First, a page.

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Dr. Fritz Discusses CSI’s Long, but not Necessarily Strange, Trip at Convocation

Last October, the Center for the Arts Williamson Theatre hosted the College of Staten Island’s Annual Convocation. However, the almost-capacity crowd was treated to a more rock-and-roll evaluation of the past year than they expected by Interim College President Dr. William J. Fritz. After introductory remarks by Interim College Provost/Senior Vice President for Academic Affairs Dr. Fred Naider, Dr. Fritz took the stage as the music video from the Grateful Dead’s “Touch of Grey” played on the onstage screen. Early in his comments, Dr. Fritz mentioned the recent book by Barry Barnes, Everything I Know about Business, I Learned from the Grateful Dead, which is a metaphor on building a successful organization. Strongly stating that he does not necessarily subscribe to a business model for academia, Dr. Fritz, a longtime Dead fan, did say that some of Barnes’s points about the Dead’s business model could serve as valuable lessons for the College. One point was “Strategic improvisation – the ability to plan, act, and make adjustments in real time – is the key to running a great organization,” noting the College community’s efforts to adjust to the new CUNYfirst initiative, as well as the mobilization to open the new residence halls on time.

Another point was “Embrace strong values and socially conscious practices because it’s the right thing to do” where Dr. Fritz compared the Dead’s strong sense of community to that of CSI in the aftermath of Superstorm Sandy, as well as the vastly increased focus on community connections in the College’s latest Strategic Plan, Many Voices, One Vision. In discussing “Be kind to your customers – by offering high-quality products and services and being responsive to their concerns – and they’ll be kind to you by becoming lifelong customers,” Dr. Fritz noted CSI’s commitment to its students’ needs and opinions, emphasizing that this dedicated approach has resulted in our institution being named a “Best-Bang-forYour-Buck College” by Washington Monthly, and one of the Best Colleges in the North by U.S. News & World Report. Underscoring this point, Dr. Fritz listed a number of improvements such as the hiring of 25 new faculty last fall, the creation of new schools of Business and Education, the College now having the capacity to grant Doctorates in Physical Therapy, and infrastructural innovations, such as the renovation of Building 2M and new lighting on campus. The final point that Dr. Fritz covered, “In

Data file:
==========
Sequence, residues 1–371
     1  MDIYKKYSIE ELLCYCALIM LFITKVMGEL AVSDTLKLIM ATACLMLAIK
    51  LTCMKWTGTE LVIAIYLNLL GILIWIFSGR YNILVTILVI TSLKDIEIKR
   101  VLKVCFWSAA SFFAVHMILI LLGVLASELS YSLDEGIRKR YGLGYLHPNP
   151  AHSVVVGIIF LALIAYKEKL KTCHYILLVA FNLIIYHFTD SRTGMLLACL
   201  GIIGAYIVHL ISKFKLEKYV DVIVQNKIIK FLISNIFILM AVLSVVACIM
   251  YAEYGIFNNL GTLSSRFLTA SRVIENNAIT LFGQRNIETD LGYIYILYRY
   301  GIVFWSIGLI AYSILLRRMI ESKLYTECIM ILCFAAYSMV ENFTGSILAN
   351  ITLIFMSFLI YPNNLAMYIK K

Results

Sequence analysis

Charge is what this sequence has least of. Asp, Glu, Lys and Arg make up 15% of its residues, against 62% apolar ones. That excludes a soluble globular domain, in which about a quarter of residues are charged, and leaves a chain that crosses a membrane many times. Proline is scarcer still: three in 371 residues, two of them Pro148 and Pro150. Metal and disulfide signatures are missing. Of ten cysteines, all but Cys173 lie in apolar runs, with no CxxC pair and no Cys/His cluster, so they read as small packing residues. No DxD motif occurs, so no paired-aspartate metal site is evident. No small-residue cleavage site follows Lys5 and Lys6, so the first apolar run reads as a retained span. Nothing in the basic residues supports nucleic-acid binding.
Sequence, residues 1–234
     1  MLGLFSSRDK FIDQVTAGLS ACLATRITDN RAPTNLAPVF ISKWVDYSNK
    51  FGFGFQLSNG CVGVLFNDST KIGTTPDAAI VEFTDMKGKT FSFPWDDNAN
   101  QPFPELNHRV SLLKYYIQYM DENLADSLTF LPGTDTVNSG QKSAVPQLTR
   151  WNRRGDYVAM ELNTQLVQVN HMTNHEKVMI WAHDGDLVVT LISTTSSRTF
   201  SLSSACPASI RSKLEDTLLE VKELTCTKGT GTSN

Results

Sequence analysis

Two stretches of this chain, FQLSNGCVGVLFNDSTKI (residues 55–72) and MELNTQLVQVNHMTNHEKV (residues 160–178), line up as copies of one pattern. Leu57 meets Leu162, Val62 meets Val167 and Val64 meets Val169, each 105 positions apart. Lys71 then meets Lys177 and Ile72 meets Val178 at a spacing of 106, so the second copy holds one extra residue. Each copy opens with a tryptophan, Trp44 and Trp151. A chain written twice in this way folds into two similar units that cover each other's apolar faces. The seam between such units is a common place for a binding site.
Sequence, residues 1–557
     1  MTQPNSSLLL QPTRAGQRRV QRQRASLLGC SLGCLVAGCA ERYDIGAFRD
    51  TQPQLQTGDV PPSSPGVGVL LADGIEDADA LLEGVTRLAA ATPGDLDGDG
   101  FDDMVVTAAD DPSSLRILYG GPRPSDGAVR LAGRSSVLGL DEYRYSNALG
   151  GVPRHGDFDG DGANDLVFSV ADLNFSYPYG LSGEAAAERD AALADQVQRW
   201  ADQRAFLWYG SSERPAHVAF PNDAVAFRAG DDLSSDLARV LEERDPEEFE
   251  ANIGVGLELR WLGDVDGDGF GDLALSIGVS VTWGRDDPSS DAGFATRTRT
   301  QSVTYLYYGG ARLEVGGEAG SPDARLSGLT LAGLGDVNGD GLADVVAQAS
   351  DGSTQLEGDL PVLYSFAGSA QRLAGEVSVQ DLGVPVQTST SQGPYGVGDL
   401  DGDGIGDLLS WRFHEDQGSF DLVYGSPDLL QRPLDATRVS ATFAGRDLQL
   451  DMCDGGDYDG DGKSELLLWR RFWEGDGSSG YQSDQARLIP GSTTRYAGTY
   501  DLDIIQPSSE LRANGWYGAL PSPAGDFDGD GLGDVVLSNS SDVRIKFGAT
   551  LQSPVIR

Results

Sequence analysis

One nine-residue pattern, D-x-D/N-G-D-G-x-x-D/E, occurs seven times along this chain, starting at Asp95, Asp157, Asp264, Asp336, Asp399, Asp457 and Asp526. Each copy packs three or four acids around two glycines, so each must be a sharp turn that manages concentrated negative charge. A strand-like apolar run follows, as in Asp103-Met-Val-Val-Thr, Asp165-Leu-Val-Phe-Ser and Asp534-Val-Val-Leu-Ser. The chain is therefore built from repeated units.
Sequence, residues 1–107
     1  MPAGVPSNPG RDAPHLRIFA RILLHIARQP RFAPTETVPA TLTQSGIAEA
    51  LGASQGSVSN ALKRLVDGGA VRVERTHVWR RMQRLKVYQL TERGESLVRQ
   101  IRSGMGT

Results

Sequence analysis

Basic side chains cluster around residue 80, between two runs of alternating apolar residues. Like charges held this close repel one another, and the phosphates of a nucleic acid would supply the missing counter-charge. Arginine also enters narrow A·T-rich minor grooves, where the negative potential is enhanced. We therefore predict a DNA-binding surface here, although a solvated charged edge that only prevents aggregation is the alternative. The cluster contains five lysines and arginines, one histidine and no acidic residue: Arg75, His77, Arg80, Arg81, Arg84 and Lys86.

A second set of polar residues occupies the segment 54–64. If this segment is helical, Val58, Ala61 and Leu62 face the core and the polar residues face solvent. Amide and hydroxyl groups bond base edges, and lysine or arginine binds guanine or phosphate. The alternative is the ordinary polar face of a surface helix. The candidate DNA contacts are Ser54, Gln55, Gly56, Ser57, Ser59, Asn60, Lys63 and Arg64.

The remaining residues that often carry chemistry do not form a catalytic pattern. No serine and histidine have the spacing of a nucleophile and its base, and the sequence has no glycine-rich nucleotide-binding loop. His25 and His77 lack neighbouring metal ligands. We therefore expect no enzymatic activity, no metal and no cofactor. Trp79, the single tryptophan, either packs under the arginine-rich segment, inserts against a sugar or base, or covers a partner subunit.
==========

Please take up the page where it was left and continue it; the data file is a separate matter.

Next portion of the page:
creative businesses, familiarity – rather than scarcity – creates value. Share your intellectual property . . .” he pointed to the College’s tireless efforts to impart knowledge and information, not only to its students, but to the community. Last year’s Superstorm Sandy forum was just one example where faculty from the College joined with experts from NYC to help residents make sense of what happened, and prepare for future severe weather events. Dr. Fritz concluded his speech with information about CSI’s first-ever Comprehensive Campaign, an effort to raise $20 million by 2016 to provide for the needs of students and faculty, as well as for capital improvements and endowment growth. Convocation wrapped up, as usual, with Vice President for Enrollment Management Mary Beth Reilly recognizing full-time faculty and staff members who were celebrating service anniversaries in five-year increments. This portion of the event brought a light-hearted conclusion to Convocation, as Reilly read historical facts from each year preceded by timeappropriate video clips.


Verizon Augments Women’s Center Support with $10K Grant The Bertha Harris Women’s Center at the College of Staten Island, which strives to improve women’s quality of life by providing resources to students, has recently received a $10,000 grant from the Verizon Foundation. Dr. Ellen Goldner, CSI Professor and Director of the Center, is pleased to receive this first major corporate grant to fund extended services and hours of operation.

The $10,000 funding from the Verizon Foundation will allow for more hours of direct support and facilitate additional trust from the students when they approach Center workers and advocates. For more information on the Bertha Harris Women’s Center services for CSI students, contact Lori Uccio at 718.982.2871 or lori.uccio@csi.cuny.edu.